Theranos founder Elizabeth Holmes exits Robert F. Peckham U.S. Courthouse after the first day of federal court hearings in San Jose, California, U.S. May 4, 2021. REUTERS/Kate Munsch
Court documents filed Thursday in the federal criminal fraud case against former Theranos CEO Elizabeth Holmes reveal questions that her attorneys hope to pose in selecting the jurors who will decide the fate of the embattled Silicon Valley entrepreneur.
The proposed questionnaire and jury instructions submitted in the case scheduled to begin jury selection on Aug. 31 point to the challenges Holmes’ lawyers face in empaneling a jury untainted by intense media coverage on Holmes’ and the company’s downfall.
Most revealing of concerns over the possibility of a media-tainted jury are her lawyers' requests to ask jury pool members about specific media outlets, as well as journalists who closely covered Theranos’ demise. The list includes Wall Street Journal reporter, John Carreyrou, who exposed in 2016 that the blood-testing company was incapable of running the breadth of diagnostic tests it had been promoting.
John Carreyrou attends HBO Hosts The Premiere Of “The Inventor: Out For Blood In Silicon Valley” at Warner Media Screening Room on February 28, 2019 in New York City. (Photo by Paul Bruinooge/Patrick McMullan via Getty Images)
“Do you read, listen to, follow, or subscribe to any of the following individuals on blogs, podcasts, social media, or in any other way?” the document proposes. “If yes, please circle the applicable individuals — John Carreyrou, Roger Parloff, Adam Klasfeld … Chuck Barney, Yasmin Khorram, Sara Randazzo, Tom Hals, Matthew Renda, Ken Auletta, Kara Swisher, Matthew Herper, Rebecca Jarvis, Joel Rosenblatt, Eric Topol.”
The people listed have covered Theranos in various capacities, both before and after the company's implosion. Parloff, now a Yahoo Finance contributor, wrote a Fortune Magazine cover story about Holmes in 2014, and later wrote that the startup misled him. The New Yorker's Auletta also wrote a profile of Holmes that year called "Blood, Simpler," while ABC News' Jarvis chronicled her downfall in "The Dropout" podcast.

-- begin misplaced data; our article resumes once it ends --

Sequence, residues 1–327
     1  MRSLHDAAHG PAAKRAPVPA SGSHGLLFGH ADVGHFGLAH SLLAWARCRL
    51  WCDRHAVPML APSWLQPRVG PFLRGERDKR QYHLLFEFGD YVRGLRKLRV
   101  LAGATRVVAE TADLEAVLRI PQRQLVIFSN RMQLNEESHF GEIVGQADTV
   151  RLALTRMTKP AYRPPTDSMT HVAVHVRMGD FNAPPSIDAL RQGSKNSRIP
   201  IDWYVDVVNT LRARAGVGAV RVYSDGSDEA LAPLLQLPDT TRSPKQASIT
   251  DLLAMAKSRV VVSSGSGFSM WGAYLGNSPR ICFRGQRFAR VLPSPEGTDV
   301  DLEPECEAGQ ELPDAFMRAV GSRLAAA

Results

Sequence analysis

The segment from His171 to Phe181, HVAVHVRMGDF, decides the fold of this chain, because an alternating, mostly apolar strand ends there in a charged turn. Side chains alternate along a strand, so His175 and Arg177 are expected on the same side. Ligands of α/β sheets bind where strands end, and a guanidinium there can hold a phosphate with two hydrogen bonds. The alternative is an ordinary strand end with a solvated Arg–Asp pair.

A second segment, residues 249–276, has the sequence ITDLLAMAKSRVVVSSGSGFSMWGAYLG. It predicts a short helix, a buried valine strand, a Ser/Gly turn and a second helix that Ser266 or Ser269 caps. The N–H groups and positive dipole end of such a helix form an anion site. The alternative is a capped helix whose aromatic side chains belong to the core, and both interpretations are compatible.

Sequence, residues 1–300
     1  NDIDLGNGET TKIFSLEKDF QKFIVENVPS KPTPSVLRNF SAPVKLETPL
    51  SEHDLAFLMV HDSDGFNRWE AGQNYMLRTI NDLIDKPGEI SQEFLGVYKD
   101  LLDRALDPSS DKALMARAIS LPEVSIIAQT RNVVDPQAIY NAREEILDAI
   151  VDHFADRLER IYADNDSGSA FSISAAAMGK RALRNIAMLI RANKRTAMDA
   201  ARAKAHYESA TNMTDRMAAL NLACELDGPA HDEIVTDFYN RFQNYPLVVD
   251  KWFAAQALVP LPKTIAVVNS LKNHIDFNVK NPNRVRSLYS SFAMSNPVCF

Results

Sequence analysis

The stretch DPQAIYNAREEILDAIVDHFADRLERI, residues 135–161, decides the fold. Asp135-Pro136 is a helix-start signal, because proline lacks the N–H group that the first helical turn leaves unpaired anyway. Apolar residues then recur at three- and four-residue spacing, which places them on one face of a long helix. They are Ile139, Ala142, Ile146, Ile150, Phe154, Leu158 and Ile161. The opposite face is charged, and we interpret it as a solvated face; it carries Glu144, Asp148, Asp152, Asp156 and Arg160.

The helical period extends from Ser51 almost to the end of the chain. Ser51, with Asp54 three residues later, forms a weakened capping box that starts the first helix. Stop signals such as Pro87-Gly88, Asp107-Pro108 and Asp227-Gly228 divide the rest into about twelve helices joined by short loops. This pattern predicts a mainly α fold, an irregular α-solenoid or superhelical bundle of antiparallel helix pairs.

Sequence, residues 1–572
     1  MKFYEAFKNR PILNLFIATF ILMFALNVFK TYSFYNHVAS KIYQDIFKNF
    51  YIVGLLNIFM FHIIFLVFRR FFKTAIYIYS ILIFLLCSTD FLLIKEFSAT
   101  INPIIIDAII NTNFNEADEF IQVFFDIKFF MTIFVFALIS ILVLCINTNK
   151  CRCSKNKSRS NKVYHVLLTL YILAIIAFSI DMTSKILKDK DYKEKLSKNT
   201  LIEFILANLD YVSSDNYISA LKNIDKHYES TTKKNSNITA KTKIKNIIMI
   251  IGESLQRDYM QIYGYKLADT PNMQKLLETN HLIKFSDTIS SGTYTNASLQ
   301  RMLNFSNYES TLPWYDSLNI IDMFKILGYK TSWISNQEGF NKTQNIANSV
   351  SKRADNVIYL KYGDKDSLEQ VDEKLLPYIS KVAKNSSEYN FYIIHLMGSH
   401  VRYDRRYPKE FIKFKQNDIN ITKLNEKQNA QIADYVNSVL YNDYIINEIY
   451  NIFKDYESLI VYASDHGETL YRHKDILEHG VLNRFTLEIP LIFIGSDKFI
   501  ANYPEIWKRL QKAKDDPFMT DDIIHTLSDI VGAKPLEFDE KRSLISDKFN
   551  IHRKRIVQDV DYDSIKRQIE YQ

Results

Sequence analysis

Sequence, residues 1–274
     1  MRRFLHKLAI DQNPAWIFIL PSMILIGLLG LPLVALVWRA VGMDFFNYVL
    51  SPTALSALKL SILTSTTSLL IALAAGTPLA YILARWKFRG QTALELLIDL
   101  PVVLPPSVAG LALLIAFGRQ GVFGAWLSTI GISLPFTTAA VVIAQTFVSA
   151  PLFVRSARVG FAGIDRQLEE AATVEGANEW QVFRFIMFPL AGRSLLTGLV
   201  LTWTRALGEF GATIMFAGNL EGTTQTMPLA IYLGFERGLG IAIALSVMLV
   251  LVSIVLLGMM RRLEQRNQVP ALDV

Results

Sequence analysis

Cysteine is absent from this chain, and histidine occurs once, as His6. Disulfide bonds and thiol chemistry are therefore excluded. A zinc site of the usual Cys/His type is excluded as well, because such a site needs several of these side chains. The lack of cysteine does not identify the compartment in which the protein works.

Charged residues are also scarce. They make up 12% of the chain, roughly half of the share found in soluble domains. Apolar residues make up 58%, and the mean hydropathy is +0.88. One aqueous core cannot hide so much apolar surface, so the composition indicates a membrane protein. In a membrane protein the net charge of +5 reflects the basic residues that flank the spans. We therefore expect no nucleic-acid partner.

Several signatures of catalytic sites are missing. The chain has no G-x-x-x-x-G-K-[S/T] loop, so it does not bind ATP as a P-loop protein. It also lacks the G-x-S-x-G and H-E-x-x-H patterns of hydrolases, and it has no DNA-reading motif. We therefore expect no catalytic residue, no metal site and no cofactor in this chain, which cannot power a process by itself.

“Based on what you have read or heard so far, do you hold the opinion that the defendant is: definitely guilty, probably guilty, probably not guilty, definitely not guilty?” the proposed 45-page questionnaire asks, also offering an option for prospective jurors to select “unsure.”
Story continues'How often do you check, follow, or read news or current events?'
The document goes on to suggest that potential jurors explain their traditional and social media habits by answering how frequently they rely on particular sources for news, how much news they believe is accurate, and whether they used social media to comment on Holmes and her former significant other and co-defendant, former Theranos COO, Ramesh “Sunny” Balwani.
“How often do you check, follow, or read about news or current events?” the attorneys want to know, in addition to a request that prospective jurors be required to list the accounts they hold on social media platforms.
The prospective questions go on to suggest that jurors reveal whether they had ever read, viewed, or heard about anything relating to Theranos, Holmes, and/or Balwani in certain publications and if so, what they recall about what they viewed, read or heard.
Beyond questions focused on media coverage, Holmes’ lawyers also hope to inquire if potential jurors have specialized expertise in areas such as diagnostic testing, medical care, and others in which Theranos was engaged, as well as if their past work experience has involved the venture capital industry. Holmes is accused of raising nearly $1 billion dollars from prominent Silicon Valley investment firms and in doing so defrauding investors.
Holmes’ attorneys expect the trial to last at least 13 weeks.
Alexis Keenan is a legal reporter for Yahoo Finance and former litigation attorney. Follow Alexis Keenan on Twitter @alexiskweed.